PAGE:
One more thing that you need to be aware of when you enable the user defined ini files is that the settings in those files are cached by PHP engine to avoid re-reading those files for every request. This means that if the user makes a change to .user.ini file then that change may not take effect right away. Instead it may take effect after the cache time-to-live has expired. The cache TTL value is controlled by the php.ini setting user_ini.cache_ttl, which is set to 300 seconds (5 minutes) by default.

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ruslany on July 11th 2009 in FastCGI, PHP

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9 Responses to “Per-site PHP configuration with PHP 5.3 and IIS”

  1. Gravatar ImageNewsPeeps responded on 11 Jul 2009 at 5:49 am #

    Per-site PHP configuration with PHP 5.3 and IIS | RuslanY Blog…

    Thank you for submitting this cool story – Trackback from NewsPeeps…

  2. Gravatar ImageJim Cooper responded on 14 Jul 2009 at 2:15 pm #

    I used the PHP 5.3 installer to install on a Vista development machine that already had PHP 5.2 running under IIS7 with FastCGI. Unfortunately, any sites I create to test the 5.3 keep returning a 500 error message. I set up the sites to just use the 5.3 handler however this doesn’t seem to help. Is there some other configuration I need to do to run 5.3 along with 5.2?

  3. Gravatar Imageruslany responded on 14 Jul 2009 at 2:56 pm #

    Jim,

    First of all you will need to update you php.ini file to explicitly set the date.timezone setting. Otherwise PHP will return a warning, which will result 500 error message.

    Also, as far as I know the PHP installer does not support side by side installation of PHP. However, IIS and FastCGI fully support side by side installations of PHP, but you will need to setup PHP manually. You can refer to PHP Versioning for more details how to setup several PHP versions on the same server.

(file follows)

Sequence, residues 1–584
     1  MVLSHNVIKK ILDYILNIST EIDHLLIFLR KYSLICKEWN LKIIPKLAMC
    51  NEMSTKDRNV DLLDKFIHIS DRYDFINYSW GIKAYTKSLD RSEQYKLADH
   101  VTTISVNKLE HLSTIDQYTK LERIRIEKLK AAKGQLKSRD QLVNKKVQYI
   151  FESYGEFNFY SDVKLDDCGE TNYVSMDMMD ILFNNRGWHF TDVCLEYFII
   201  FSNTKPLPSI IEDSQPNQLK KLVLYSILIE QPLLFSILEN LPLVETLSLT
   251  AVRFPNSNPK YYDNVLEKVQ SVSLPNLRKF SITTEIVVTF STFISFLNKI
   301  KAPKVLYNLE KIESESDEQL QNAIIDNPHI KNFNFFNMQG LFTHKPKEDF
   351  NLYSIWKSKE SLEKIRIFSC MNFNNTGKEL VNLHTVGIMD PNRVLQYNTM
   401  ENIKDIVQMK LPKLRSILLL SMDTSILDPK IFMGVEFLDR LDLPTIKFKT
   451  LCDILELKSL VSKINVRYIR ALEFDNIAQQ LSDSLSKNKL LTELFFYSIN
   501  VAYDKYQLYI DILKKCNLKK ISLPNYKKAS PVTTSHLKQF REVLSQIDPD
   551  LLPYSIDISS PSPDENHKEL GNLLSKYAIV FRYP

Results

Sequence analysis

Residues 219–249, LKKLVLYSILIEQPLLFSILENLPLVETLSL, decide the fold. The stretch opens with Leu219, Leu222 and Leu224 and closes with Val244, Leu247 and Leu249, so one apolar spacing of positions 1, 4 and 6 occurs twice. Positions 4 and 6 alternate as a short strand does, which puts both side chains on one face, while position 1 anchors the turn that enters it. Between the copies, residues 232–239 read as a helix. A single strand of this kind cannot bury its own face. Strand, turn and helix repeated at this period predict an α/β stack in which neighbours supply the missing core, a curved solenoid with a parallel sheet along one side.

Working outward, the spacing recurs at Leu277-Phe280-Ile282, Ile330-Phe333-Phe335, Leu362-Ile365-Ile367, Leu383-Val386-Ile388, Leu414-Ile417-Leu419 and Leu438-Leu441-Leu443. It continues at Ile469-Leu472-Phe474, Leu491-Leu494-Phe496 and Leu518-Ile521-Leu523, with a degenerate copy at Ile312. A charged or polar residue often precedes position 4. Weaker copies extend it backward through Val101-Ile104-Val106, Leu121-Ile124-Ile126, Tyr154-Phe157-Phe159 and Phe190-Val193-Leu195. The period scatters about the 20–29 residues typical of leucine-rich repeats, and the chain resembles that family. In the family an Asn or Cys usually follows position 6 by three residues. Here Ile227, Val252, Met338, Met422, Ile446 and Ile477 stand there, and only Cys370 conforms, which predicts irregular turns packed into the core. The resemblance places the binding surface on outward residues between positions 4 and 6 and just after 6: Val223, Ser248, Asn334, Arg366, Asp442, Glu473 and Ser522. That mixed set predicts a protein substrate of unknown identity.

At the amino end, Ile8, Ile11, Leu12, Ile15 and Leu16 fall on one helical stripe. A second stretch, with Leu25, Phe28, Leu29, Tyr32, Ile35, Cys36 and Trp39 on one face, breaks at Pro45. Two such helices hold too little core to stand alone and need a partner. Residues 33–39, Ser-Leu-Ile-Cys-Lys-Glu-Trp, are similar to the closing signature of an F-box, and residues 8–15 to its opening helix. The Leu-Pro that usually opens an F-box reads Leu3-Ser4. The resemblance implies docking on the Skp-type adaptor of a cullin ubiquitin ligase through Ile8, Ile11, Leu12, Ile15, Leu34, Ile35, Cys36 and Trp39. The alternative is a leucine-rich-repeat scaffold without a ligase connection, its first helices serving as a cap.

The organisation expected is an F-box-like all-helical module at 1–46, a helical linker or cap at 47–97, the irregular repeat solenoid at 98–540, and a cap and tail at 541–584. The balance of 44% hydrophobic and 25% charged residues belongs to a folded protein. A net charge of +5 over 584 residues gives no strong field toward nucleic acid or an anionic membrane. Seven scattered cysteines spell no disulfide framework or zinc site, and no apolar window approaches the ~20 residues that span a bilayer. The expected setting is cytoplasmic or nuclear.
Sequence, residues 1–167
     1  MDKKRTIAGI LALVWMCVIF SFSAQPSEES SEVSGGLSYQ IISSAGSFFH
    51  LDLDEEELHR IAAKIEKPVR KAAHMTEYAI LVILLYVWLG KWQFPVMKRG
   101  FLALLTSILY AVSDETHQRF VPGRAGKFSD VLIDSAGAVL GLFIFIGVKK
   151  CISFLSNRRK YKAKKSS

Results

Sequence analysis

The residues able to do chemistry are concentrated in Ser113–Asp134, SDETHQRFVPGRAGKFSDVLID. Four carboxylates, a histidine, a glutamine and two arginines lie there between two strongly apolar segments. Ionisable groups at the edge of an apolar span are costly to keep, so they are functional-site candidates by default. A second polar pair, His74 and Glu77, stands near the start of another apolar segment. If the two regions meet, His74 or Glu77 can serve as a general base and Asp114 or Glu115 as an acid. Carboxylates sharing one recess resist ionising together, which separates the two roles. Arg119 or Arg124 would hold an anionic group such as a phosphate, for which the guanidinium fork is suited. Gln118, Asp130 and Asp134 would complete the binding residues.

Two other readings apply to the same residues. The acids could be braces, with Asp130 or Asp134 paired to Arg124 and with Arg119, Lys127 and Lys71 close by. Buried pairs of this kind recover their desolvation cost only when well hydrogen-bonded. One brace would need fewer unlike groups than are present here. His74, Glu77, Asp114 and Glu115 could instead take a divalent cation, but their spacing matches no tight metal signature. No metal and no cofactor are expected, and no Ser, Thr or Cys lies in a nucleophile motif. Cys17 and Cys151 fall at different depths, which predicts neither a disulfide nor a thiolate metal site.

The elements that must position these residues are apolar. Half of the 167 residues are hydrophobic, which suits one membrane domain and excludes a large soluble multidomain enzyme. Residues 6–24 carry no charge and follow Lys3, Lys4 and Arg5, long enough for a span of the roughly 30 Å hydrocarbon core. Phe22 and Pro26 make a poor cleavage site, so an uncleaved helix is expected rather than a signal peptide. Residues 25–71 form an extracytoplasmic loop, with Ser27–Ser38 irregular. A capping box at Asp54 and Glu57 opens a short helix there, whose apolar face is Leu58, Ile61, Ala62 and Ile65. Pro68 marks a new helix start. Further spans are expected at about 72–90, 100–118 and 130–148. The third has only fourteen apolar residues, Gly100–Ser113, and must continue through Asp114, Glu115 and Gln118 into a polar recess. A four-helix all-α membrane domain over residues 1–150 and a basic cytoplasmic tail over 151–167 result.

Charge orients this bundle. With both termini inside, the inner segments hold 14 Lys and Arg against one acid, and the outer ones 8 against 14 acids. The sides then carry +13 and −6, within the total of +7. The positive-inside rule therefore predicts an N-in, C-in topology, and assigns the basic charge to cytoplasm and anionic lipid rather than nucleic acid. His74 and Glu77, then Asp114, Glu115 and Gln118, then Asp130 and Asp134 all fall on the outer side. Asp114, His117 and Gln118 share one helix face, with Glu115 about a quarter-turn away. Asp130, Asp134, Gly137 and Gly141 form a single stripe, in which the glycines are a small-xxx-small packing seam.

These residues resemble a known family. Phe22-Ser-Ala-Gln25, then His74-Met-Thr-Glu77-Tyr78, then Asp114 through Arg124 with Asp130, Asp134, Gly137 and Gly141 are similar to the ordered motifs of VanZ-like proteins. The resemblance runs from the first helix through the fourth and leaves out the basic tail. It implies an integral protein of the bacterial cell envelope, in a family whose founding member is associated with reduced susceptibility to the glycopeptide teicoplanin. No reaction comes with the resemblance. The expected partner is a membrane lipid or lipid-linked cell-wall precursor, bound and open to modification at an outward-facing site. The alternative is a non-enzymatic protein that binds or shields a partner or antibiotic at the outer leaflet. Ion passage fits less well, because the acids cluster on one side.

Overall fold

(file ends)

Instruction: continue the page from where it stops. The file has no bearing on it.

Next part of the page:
4. Gravatar ImageMarcelo Petersen responded on 17 Jul 2009 at 9:49 am #

    Hello,

    first, great article !!!

    For a hosting enviroment, is excellent that each web site have your own php.ini. Is there any way to define what directives may be defined by user?

  5. Gravatar Imageruslany responded on 20 Jul 2009 at 1:52 pm #

    Marcelo, the php.ini directives are categorized into several buckets based on their changeability. It is not possible to redefine that. You can find the complete list of php.ini directives and their changeability in the List of php.ini directives.

  6. Gravatar ImagePhilipp Mueller responded on 25 Aug 2009 at 4:39 am #

    Hi,

    nice article, i ran into this looking for a solution after one of our customers requested some changes to php.ini in a php5 site. Currently we’re using Plesk 8.6 for the site administration. I was wondering do you know of any problems that might occur if we where to implement this or would Plesk be unaffected by this?

    Kind regards,
    Philipp

  7. Gravatar Imageruslany responded on 25 Aug 2009 at 7:21 pm #

    Philipp, I do not have any experience with using Plesk, so I do not know if this will affect Plestk anyhow.

  8. Gravatar ImageArno responded on 20 Feb 2010 at 12:00 pm #

    .user.ini-files are not of much use when you use virtual directories or IIS applications outside the DOCUMENT_ROOT: in that case the settings are only valid for the directory, where the .user.ini file resides, but not for subdirectories, as PHP checks the path against DOCUMENT_ROOT and fails.

    For IIS it would be much better to check against APPL_PHYSICAL_PATH: that would make .user.ini files and PHP applications really portable, regardless whether they reside under DOCUMENT_ROOT or not.

    On a side note: why did the PHP team decide not to include subfolders for the [PATH=] directive? Who wants to set settings just for a single folder but not for subdirectories?

    cheerio :: Arno

  9. Gravatar ImageMikhail responded on 12 Sep 2011 at 5:47 am #

    ruslany Hello! I wanted to clarify.
    In file .user.ini directive with Changeable is “PHP_INI_SYSTEM” will not work?
    I need to change the value for a single site “mbstring.func_overload = 0″ and for other “mbstring.func_overload = 2″.
    Please tell me how this can be done.